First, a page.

Nora Wells, Family Voices Executive Director, Recipient of 2015 Merle McPherson Leadership Award
I am Rylin Rodgers, the Training Director and Family Leadership Coordinator for Indiana's LEND the Riley Child Development Center and a director of Family Voice Indiana. I served as the Co Chair of the 2014 AMCHP Family and Youth Leadership Committee.
I am delighted this afternoon to present the Merle McPherson Leadership Award. The award is named for Dr. Merle McPherson, who served as director of the Maternal and Child Health Bureau's Division of Services for Children with Special Health Needs from 1987-2006.
Dr. McPherson left a legacy of leadership and vision for how to create a new model of family-centered health care delivery for children and youth with special health care needs.
It is my understanding that Dr. McPherson may be in attendance - if you are with us, Dr. McPherson, please stand and be recognized for your great accomplishments.
The award is given annually to family professionals who have made exemplary contributions to further family/professional collaboration.
This year's award goes to Nora Wells, Executive Director of Family Voices.
For over three decades, Nora has been a national leader in engaging families in decision and policy-making to ensure access to quality services for children with special health care needs. She has devoted herself to advocating for family-centered care and family/ professional partnerships, long before these terms were widely known.
Nora is a family leader who exemplifies Dr. McPherson's legacy and vision for family-centered health care delivery, for children and youth with special health care needs. As the parent of a son with cerebral palsy who required multiple hospitalizations, Nora lived the challenges of caring for a CYSHCN walking the road of families navigating the maze of health care systems.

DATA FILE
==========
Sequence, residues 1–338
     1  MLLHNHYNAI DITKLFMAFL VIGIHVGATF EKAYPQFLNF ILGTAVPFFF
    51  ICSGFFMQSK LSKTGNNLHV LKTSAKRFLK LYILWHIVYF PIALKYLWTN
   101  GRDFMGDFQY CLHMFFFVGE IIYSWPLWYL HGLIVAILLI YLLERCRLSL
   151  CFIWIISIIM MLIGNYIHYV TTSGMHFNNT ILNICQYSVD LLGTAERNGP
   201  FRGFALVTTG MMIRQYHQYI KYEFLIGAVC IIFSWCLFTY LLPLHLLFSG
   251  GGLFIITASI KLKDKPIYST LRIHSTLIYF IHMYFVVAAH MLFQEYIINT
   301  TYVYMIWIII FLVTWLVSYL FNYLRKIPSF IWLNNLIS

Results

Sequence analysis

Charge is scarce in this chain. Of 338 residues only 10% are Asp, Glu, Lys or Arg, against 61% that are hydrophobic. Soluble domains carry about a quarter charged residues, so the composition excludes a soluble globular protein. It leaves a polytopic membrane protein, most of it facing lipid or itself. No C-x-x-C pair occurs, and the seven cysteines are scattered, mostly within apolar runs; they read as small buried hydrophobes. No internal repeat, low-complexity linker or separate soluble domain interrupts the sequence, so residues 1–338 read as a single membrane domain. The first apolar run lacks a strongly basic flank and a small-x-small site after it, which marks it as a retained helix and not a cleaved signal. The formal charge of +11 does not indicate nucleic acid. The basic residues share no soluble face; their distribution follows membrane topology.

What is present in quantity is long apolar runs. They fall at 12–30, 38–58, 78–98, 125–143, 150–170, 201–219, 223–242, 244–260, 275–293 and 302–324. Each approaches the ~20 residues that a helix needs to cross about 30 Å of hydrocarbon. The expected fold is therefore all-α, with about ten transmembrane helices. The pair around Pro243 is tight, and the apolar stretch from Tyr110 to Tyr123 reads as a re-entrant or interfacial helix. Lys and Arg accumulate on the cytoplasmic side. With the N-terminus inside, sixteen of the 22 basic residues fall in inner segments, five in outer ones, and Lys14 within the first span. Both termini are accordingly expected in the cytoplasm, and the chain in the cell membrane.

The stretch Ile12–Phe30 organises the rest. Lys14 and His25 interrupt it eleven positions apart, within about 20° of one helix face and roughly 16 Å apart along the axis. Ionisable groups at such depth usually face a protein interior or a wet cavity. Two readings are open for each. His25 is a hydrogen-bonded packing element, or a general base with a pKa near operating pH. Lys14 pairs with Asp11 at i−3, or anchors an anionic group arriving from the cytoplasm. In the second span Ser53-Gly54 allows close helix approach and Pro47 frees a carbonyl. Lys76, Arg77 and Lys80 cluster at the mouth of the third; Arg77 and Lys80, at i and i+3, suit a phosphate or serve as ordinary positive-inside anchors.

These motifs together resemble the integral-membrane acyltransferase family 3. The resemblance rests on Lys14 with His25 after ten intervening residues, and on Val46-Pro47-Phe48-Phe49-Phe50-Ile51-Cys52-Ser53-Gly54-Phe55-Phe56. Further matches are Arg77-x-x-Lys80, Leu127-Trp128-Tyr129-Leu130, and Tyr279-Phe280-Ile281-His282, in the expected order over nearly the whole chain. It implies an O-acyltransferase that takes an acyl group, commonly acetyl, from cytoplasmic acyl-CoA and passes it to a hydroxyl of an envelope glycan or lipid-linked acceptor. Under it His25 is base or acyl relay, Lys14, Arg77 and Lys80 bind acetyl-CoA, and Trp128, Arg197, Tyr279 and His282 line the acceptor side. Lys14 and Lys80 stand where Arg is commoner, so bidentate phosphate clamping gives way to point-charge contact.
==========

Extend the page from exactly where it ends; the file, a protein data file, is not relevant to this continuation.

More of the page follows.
From beginnings as a parent advocate, Nora quickly learned the significance of policy issues and immersed herself in meeting the needs of all CYSHCN and their families. In those early years, she was instrumental in effecting hospital policies for family visiting hours and permitting families to stay with their child.
Nora's experience and zeal was well-matched with others who together formed Family Voices. When Family Voices was awarded funding as the Family Voices National Center for Family/Professional Partnerships (NCFPP) in 2004, Nora was named the Director, giving her avenues to expand the model of family-centered care for all children. Through her visionary leadership, support and technical assistance to the Family-to-Family Health Information Centers, Nora has helped build a national family voices presence throughout the country, impacting multiple state, local and national policies. Resulting in the inclusion of families at all levels of decision making.
Nora is treasured by family leaders across the country as a mentor. Nora's personal and professional experience, her patience, and her unselfishness make her an incomparable source of support for others, "Nora has provided valuable guidance and direction and is committed to developing future leaders."